Monday, October 31, 2005

Report from Bhutan

Sunday Eric reported on his recent trip to Bhutan, a tiny country between India and China, which is predominantly Buddhist. There is an enlightened monarch there who is democratizing the country. Eric was struck by the friendliness of the people, their warmth and ease. He was most surprised by the children, who readily came up to him and wanted to play. The average annual income is about $800, yet the people are contented with their simple lives. The recent introduction of cell phones, cable TV and tourists will present challenges for the culture, which has lived a very simple agricultural life. We may all reflect on the question of what the inescapable affordances of our contemporary society have added to our quality of life. The Bhutanese government is guided by a "gross national happiness" index, rather than a gross national product index. Could we be looking at our lives in all the wrong ways? We had tea in the garden at Texas French Bread and chatted casually, far from television, cell phones, and computers. Gradually the overcast skies cleared and the sun warmed the deep Texas sky. It was a lovely morning.

Monday, October 24, 2005


Which one is the true Pumpkin? Which one has more pumpkin nature? How can they find their pumpkin-ness? What practice will help them realize they are pumpkin? How much effort, how many years, how much money will it cost to discover they are pumpkins? What books should they read? What teachers should they follow? How far must they travel to keep hearing, over and over and over again, you are already pumpkins? What techniques should they try? Are they different, or the same? Maybe they should...what?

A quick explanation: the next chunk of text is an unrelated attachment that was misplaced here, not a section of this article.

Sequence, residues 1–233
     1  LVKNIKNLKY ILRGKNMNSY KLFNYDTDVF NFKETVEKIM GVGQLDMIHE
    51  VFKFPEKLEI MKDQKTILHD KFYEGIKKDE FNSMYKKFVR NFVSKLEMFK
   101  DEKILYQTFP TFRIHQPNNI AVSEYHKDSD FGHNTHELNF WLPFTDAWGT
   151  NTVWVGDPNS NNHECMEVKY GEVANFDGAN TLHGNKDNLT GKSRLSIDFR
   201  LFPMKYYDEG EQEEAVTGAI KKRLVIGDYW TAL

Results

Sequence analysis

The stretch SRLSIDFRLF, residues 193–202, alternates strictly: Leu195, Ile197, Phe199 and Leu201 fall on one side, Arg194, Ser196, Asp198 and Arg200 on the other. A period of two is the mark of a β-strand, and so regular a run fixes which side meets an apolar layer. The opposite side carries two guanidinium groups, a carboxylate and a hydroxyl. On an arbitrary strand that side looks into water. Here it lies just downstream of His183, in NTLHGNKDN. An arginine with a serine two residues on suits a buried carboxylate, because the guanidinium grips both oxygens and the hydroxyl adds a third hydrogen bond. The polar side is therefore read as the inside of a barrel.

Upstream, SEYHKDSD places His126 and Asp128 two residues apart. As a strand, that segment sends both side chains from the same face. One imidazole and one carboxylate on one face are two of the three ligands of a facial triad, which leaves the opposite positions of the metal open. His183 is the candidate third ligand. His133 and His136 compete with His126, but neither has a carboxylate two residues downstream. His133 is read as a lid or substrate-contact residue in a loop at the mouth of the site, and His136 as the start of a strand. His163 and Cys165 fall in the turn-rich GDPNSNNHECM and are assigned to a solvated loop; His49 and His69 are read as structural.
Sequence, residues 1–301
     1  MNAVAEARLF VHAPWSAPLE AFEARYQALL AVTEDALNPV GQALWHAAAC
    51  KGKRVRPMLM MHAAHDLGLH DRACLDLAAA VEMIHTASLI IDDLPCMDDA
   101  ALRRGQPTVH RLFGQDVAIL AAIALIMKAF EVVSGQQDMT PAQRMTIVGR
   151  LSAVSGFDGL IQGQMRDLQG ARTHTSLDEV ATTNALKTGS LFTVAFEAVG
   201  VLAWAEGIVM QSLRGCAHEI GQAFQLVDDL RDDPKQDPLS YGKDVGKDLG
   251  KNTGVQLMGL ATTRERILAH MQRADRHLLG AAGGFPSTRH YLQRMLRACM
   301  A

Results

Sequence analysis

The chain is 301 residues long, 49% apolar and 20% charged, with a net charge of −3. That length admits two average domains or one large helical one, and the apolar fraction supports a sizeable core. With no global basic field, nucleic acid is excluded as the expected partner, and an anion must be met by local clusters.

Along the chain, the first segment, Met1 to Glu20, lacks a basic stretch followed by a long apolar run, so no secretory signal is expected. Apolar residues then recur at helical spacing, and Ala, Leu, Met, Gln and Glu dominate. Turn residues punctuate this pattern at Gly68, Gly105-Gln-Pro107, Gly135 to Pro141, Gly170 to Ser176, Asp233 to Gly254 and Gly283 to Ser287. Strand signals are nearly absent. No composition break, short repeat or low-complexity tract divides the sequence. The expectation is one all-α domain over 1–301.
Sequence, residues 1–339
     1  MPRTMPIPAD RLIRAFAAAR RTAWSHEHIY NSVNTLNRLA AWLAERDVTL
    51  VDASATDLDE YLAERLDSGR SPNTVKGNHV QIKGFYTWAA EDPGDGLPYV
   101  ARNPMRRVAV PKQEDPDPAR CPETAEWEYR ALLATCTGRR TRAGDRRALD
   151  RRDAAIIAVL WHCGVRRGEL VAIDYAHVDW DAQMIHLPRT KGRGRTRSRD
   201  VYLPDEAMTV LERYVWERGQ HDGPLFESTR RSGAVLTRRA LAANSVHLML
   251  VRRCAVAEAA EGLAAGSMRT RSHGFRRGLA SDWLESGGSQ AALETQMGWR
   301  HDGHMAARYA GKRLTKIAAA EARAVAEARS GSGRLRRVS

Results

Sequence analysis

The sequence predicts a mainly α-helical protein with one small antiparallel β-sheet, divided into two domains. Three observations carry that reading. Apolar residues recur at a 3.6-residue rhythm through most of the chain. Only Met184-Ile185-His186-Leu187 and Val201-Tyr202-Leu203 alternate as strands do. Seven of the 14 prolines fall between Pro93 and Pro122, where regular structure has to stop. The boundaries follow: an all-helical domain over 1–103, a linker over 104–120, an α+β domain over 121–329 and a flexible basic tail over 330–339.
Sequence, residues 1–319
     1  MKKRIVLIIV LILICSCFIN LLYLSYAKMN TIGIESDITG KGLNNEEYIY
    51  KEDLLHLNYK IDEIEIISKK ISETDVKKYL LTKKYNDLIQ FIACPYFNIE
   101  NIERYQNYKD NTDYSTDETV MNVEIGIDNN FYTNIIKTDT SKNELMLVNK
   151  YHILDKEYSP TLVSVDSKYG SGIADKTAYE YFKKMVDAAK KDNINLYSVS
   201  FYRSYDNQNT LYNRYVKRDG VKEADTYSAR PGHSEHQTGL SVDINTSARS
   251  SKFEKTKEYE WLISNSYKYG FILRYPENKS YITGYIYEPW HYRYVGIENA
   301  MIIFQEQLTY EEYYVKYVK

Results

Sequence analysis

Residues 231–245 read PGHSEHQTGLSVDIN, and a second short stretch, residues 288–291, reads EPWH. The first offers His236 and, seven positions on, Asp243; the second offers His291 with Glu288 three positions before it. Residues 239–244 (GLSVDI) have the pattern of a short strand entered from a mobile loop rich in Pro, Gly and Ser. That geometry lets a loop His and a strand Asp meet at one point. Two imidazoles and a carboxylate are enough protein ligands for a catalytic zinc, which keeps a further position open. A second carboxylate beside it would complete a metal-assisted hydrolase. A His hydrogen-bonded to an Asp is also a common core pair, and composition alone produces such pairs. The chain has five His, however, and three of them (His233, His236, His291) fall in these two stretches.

Being and becoming

Today the state of Texas granted our non-profit corporation status. This will provide a way for contributions to the Ordinary Mind group to be tax-deductible. It is strange to become a corporation, such a small, informal group compared to what we ordinarily think of as a corporation, even as a non-profit: the Red Cross, the Catholic Church, Doctors without Borders. Basically, though, it means that we all have some ongoing responsibilities to continue to share the dharma and to provide regular opportunities for zazen, service, and discussion. I'm glad we have made this commitment, and it is great that we have a dedicated space to help support the folks who come and sit with us. Let's keep sitting together and working together to bring this ancient practice to life here, in this place, in this time, with these people. It is such a profound joy.

Monday, October 03, 2005

Ordinary Mind Zendo

Ordinary Mind Zendo
Originally uploaded by Jiki Syverson.

Here are some new photos of the Ordinary Mind Zendo. We are still in the process of supplying meditation cushions for the Zendo. If you have your own cushions, you are welcome to bring them when you join us for zazen.